From asthma to allergic reactions, to arthritis, Methylprednisolone is a highly effective corticosteroid.

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What is Methylprednisolone?

Methylprednisolone (Medrol Dosepak™) is a versatile corticosteroid medication widely used to treat a variety of inflammatory and autoimmune conditions, including asthma, arthritis, severe allergic reactions, and skin disorders. Its effectiveness comes from its ability to reduce inflammation and suppress the immune system, providing quick relief from symptoms like swelling, redness, itching and pain.

This medication has been a cornerstone in medical treatment for decades, trusted by healthcare professionals for its potent anti-inflammatory properties. By mimicking cortisol, a hormone naturally produced by the adrenal glands, methylprednisolone helps regulate inflammation and immune response, making it invaluable in managing acute conditions.

 

| There are over 3 million prescriptions for Methylprednisolone in the U.S. annually |

 

However, it’s important to note that methylprednisolone can suppress the body’s immune system, potentially reducing its ability to fight infections. Patients should avoid exposure to infections and promptly report any signs of illness to their healthcare provider. Additionally, methylprednisolone should never be taken concurrently with other anti-inflammatory drugs unless specifically directed by a healthcare professional, as this can increase the risk of side effects and complications.

 

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Methylprednisolone is particularly effective in treating asthma, where it reduces airway inflammation, and in autoimmune diseases like lupus and multiple sclerosis, where it helps control overactive immune responses. It is also commonly used in managing severe allergic reactions and skin conditions like eczema and psoriasis, offering significant relief from discomfort and improving the quality of life for patients.

While highly effective, methylprednisolone can cause side effects, particularly with long-term use. Common short-term side effects include increased appetite, weight gain, and mood swings, while prolonged use may lead to osteoporosis, muscle weakness, and an increased risk of infections. Despite these potential drawbacks, its benefits in managing chronic and acute conditions make it a valuable option for many patients.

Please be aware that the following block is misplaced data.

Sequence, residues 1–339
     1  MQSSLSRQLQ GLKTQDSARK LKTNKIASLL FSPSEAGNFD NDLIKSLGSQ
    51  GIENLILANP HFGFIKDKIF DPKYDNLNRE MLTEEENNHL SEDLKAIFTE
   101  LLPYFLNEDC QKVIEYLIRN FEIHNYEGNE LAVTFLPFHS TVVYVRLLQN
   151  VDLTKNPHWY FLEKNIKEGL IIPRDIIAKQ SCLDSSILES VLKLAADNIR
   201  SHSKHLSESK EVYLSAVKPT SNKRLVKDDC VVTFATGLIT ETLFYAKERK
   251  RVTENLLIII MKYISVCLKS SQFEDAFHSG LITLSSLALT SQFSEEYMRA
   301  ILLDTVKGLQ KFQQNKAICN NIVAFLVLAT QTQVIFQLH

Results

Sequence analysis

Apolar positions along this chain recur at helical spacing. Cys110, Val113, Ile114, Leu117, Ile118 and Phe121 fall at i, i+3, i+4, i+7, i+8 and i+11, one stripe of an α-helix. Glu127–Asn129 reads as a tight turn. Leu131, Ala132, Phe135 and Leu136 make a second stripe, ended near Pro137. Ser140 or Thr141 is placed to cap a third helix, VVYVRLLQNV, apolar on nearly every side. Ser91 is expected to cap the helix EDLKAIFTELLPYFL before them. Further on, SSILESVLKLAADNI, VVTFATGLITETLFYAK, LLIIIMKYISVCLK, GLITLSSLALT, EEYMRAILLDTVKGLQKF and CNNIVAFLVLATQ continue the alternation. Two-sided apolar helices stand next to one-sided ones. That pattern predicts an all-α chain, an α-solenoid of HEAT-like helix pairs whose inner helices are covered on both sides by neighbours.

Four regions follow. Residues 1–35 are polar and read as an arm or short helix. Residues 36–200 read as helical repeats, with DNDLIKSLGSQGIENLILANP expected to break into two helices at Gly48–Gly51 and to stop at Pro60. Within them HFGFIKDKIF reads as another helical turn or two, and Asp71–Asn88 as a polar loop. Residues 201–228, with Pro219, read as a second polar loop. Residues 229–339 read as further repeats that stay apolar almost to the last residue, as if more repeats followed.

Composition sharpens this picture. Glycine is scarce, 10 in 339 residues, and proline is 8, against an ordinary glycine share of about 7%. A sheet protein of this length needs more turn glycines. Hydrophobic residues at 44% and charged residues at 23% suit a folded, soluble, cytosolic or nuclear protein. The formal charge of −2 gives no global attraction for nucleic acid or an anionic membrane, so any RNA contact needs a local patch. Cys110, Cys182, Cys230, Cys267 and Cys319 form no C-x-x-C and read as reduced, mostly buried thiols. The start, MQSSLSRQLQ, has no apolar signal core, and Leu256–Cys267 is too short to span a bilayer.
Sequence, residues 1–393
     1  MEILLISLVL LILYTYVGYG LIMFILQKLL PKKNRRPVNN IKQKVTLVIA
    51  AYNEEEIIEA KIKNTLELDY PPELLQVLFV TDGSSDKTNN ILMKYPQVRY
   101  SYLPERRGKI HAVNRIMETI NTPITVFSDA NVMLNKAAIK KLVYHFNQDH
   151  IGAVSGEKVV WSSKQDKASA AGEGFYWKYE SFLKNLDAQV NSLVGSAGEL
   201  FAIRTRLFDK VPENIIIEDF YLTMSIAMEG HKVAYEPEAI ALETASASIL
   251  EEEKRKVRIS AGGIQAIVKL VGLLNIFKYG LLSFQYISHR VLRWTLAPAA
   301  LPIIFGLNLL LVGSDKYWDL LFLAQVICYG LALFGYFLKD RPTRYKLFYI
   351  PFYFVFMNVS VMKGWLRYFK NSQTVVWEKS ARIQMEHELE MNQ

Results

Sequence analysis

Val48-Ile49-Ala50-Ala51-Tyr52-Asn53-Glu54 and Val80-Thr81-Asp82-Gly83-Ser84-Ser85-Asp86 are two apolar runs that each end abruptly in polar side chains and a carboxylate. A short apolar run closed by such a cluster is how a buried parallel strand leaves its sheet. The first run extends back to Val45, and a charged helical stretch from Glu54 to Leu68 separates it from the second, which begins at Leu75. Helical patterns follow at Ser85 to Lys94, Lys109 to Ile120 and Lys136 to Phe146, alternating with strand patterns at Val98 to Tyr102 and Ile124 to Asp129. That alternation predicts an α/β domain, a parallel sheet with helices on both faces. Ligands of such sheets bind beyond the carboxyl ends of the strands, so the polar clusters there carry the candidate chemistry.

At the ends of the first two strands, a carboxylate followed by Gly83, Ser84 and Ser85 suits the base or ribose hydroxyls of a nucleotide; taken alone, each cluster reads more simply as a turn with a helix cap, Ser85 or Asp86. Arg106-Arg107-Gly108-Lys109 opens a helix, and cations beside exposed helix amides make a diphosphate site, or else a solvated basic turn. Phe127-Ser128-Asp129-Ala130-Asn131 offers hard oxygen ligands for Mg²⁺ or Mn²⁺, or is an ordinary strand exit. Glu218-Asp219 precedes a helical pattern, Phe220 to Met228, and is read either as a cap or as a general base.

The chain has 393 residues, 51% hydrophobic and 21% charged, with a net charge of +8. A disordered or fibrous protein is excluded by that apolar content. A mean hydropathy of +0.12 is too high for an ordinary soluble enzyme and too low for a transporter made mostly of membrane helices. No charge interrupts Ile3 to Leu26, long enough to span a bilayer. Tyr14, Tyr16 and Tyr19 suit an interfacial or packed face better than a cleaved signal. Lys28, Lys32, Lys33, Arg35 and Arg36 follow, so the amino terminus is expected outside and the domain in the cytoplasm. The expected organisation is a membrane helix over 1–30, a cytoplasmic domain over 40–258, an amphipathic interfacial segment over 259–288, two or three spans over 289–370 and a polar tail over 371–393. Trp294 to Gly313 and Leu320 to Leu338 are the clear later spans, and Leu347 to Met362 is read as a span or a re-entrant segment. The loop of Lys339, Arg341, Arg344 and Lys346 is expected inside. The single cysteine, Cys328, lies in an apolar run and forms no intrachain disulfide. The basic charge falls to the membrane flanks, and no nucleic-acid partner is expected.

Overall, methylprednisolone remains a trusted and essential medication in the management of a wide range of health issues, providing substantial therapeutic benefits and improving the lives of those affected by inflammatory and autoimmune diseases.

 

Methylprednisolone is one of over 25 different medications available as add-ons in our Jase Case.

Check here for a full list of available medications.

 

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High Cholesterol: Are You At Risk? What Can You Do?

High cholesterol is an issue for many. But nearly half of sufferers aren’t aware, or treating their condition.

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Cholesterol: necessary in the right amounts, dangerous in high levels.

High cholesterol is a prevalent health issue in the United States, affecting millions of adults and posing a significant hazard to overall heart health. Cholesterol levels also increase your risk for heart disease – the leading cause of death in the United States. 

Through a combination of dietary and lifestyle choices –  and when necessary, medication – cholesterol levels can be managed, and the health risks mitigated.

 

| About 86 million U.S. adults have borderline high cholesterol levels ( >200 mg/dL), and 25 million have high cholesterol ( >240 mg/dL) CDC |

 

Risk Factors and Lifestyle Choices:

While some risk factors like age and genetics are unchangeable, lifestyle significantly impacts cholesterol levels. Diet plays a crucial role, with high intake of saturated fats, trans fats, and refined carbohydrates contributing to elevated cholesterol. Physical inactivity, obesity, smoking, and excessive alcohol consumption also negatively affect cholesterol profiles. 

Often overlooked factors include chronic stress, poor sleep habits, and high sugar intake, all of which can disrupt cholesterol metabolism.

 

| Nearly half of those with high cholesterol are unaware of their condition, and thus not treating it. |

 

Managing High Cholesterol:

Fortunately for some, cholesterol can be managed effectively with the right lifestyle choices being made, while others may additionally require medication. Either group that you fall into, know that high cholesterol’s health risks don’t have to be severe if you are diligent about prioritizing heart health. 

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Lifestyle Changes:

  1. Adopt a heart-healthy diet rich in fruits, vegetables, whole grains, and lean proteins.
  2. Increase physical activity: Aim for at least 150 minutes of moderate-intensity exercise per week.
  3. Maintain a healthy weight through a balanced diet and regular exercise.
  4. Quit smoking and limit alcohol consumption.
  5. Manage stress through relaxation techniques, meditation, or yoga.